The Audacity to Charge—A Fee for Service Model from the Trenches: An Interview with Dr. Angela Esterline, Evansville, IN

Author: Brian Taylor, Au.D.

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Angela Esterline, Au.D., epitomizes an entrepreneurial spirit rarely found in audiologists. As she mentions in her brief interview, she spent the first two and a half decades of her career employed in several settings. It was a calling to provide better care to her patients that got her into private practice. Once she established her practice, it was that same dedication to delivering high quality patient care that inspired her to try charging a fee for the services provided. Along the way, she discovered that her fee-for-service model increased her practices profitability. Read her interview to learn how one private practitioner from the heart of America made it happen and exceeded her wildest dreams.

Brian: Angela, tell us about your path into private practice.

Angela: Over the past 26 years I have worked in a number of different settings. ENT, hospital, state residential schools, nursing homes, an air base, and finally (thankfully) private practice. The different settings all had strengths and weaknesses. The weakest point shared by all the places I have worked is time spent with the individual. Third party insurance and other billing issues made it difficult to spend quality time with patients.

Brian: What were some of the reasons you decided to unbundle or itemize services from the hearing aid?

Angela: It’s really all about value. Clients place value in the things they pay for. They pay for their insurance and whatever the insurance pays for ... all of it has value. Insurance might pay toward a hearing aid, and as such hearing aids are marked up so the provider gets reimbursed for “free service”. But that doesn’t seem right to me. I want to be open with my clients, develop a relationship of trust with them. So, I have chosen to not offer free service. I charge a fee for all my services. My hearing aids are reasonably priced, and my services likewise. When we add the two together, I am very competitive with other offices in the area. The difference is the service and individual attention. My clients know what they are paying for and they are seeing the value in …. me!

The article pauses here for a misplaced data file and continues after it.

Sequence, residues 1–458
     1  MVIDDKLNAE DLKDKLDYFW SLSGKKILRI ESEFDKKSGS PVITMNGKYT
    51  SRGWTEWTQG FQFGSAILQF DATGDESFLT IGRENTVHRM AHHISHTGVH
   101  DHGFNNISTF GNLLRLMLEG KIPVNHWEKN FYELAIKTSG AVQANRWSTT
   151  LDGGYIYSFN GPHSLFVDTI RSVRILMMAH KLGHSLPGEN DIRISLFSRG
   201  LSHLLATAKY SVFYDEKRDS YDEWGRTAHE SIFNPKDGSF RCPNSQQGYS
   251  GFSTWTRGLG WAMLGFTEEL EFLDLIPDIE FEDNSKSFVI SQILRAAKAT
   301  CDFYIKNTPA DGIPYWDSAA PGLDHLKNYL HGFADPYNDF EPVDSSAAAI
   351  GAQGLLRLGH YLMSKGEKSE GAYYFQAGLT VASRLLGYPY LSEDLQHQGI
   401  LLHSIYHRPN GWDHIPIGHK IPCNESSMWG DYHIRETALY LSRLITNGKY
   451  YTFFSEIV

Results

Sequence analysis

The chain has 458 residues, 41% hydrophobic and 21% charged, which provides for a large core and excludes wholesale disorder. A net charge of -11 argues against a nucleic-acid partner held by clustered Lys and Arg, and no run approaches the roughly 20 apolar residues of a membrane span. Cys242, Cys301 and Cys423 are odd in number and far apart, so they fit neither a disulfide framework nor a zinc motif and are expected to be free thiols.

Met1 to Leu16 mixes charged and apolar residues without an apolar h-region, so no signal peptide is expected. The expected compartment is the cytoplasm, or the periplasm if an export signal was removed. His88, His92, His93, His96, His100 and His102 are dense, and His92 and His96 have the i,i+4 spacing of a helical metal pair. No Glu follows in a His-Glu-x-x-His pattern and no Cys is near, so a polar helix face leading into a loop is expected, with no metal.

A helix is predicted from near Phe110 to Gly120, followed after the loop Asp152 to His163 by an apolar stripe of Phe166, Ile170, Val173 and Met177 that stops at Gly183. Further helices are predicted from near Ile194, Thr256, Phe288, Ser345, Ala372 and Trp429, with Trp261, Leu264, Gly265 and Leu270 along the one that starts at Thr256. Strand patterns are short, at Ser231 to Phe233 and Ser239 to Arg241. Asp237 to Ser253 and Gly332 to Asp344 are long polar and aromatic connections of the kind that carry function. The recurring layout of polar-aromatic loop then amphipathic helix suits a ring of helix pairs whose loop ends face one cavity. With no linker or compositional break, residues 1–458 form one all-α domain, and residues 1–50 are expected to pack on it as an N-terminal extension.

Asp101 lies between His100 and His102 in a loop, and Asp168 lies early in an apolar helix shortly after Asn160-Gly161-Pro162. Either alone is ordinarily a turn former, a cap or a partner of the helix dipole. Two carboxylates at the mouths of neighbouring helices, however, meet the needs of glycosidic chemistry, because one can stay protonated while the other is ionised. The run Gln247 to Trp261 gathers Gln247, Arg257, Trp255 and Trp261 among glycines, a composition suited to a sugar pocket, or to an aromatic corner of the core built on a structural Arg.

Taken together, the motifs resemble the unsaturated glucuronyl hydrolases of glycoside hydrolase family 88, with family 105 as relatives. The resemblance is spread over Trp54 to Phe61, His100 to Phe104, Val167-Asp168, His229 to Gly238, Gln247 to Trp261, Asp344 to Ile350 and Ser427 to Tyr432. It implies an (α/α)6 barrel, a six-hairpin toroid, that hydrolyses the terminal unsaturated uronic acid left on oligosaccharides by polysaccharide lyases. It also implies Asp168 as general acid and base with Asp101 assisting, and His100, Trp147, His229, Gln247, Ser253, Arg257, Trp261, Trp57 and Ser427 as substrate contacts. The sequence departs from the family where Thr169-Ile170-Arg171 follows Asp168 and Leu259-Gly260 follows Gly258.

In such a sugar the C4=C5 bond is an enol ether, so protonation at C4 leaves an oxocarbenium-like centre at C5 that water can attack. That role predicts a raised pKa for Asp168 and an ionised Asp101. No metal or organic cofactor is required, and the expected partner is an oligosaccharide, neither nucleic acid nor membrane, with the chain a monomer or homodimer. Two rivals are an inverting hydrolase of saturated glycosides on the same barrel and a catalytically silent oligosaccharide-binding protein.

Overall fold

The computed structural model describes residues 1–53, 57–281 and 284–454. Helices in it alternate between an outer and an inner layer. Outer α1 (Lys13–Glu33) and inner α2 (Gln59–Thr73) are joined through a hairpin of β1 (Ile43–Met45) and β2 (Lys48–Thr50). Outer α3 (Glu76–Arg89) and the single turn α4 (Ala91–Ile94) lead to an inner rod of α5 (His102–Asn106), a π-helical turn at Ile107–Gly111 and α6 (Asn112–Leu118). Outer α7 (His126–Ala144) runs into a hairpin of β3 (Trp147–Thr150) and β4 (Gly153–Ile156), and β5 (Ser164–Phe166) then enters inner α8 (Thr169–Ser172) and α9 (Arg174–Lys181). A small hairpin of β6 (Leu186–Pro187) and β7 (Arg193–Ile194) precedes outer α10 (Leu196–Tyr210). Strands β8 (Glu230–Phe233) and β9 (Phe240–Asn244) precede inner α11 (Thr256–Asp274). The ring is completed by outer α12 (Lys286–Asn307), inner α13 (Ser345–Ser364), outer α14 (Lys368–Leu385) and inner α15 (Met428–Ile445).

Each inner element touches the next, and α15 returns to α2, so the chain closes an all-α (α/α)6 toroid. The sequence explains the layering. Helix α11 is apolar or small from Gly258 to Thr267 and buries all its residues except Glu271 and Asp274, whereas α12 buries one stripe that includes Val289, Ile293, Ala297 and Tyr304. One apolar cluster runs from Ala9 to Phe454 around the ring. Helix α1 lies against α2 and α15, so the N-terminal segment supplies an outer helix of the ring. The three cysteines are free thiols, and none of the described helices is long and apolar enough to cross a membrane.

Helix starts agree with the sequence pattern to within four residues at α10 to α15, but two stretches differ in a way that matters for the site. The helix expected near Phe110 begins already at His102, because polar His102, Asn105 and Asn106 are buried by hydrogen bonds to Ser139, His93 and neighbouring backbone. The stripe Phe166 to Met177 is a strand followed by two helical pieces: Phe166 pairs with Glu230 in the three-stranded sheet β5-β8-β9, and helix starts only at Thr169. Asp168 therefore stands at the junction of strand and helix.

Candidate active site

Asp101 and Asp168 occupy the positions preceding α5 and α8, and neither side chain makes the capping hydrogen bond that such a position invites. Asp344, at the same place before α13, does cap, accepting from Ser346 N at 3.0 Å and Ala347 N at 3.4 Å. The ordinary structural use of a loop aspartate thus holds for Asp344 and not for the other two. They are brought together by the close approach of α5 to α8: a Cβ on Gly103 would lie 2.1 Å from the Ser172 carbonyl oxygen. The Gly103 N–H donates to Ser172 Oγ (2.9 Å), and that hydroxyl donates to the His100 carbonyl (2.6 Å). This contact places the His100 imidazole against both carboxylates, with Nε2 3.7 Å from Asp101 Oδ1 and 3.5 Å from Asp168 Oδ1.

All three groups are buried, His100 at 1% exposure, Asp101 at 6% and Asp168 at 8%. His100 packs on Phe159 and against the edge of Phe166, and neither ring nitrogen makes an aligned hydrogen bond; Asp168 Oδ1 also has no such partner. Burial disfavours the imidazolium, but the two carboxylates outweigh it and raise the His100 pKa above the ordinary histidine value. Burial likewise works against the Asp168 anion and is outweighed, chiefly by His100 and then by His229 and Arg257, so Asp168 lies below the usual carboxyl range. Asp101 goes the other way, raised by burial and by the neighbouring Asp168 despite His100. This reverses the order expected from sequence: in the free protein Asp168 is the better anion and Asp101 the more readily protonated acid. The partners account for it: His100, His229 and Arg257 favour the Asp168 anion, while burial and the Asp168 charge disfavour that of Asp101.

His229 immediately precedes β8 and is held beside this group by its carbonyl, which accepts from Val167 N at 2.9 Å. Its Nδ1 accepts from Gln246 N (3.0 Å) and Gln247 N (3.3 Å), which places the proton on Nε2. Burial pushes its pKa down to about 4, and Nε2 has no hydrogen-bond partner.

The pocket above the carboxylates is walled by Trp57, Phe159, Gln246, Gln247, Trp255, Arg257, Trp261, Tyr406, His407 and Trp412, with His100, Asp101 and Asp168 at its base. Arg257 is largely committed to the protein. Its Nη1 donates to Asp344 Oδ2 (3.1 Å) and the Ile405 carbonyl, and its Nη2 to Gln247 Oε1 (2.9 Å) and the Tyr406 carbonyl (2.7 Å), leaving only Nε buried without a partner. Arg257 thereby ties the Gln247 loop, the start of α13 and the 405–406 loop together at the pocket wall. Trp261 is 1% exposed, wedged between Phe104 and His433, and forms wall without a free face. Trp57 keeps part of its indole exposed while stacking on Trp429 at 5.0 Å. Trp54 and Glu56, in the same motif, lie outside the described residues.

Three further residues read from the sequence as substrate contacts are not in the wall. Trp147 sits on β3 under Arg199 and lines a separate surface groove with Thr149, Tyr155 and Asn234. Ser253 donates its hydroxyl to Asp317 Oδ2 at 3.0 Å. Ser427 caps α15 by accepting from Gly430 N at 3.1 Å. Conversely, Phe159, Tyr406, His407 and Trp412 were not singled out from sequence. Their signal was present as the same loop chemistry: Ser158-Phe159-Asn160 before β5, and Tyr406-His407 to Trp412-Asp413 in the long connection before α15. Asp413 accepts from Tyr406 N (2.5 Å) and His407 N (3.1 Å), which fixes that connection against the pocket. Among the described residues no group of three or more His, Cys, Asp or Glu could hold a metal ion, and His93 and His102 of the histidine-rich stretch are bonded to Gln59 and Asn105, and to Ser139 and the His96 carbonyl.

Brian: Can you share with us how you went about establishing your unbundled services and setting up price points?

Angela: I started with a business analysis to determine how much income was needed to fulfill my financial obligations and my personal financial goals for the year. I divided that number to determine what my per hour charges needed to be. Then we looked at common insurance reimbursements for different tests and procedures. We also looked at some of the pricing around us through “secret shoppers”. (Our secret shoppers gave us a lot of good information about not only pricing but also how callers are treated in other offices. This has been invaluable when training our front desk.) From all this input we were able to come up with a very competitive list of services and prices. Over the past couple of years we have made adjustments and I think we are running more smoothly than when we first started.

Brian: Given you’ve only been in practice for two years, how has unbundling effected your bottom line?

Angela: Bottom line—that phrase makes me smile. In the first year our bottom line started at, well, it was nothing. By the end of the first year we were on par with the national average for a single location, one full time provider office (based on the Phonak-sponsored benchmarking survey). That kind of blew us away. Our first year! And, we were on par with the national average. Cool! Our second year-end report showed a 49.6% growth over the first. I have to say unbundling has had an amazingly positive effect on our bottom line. The business continues to grow at a double digit clip well into our third year.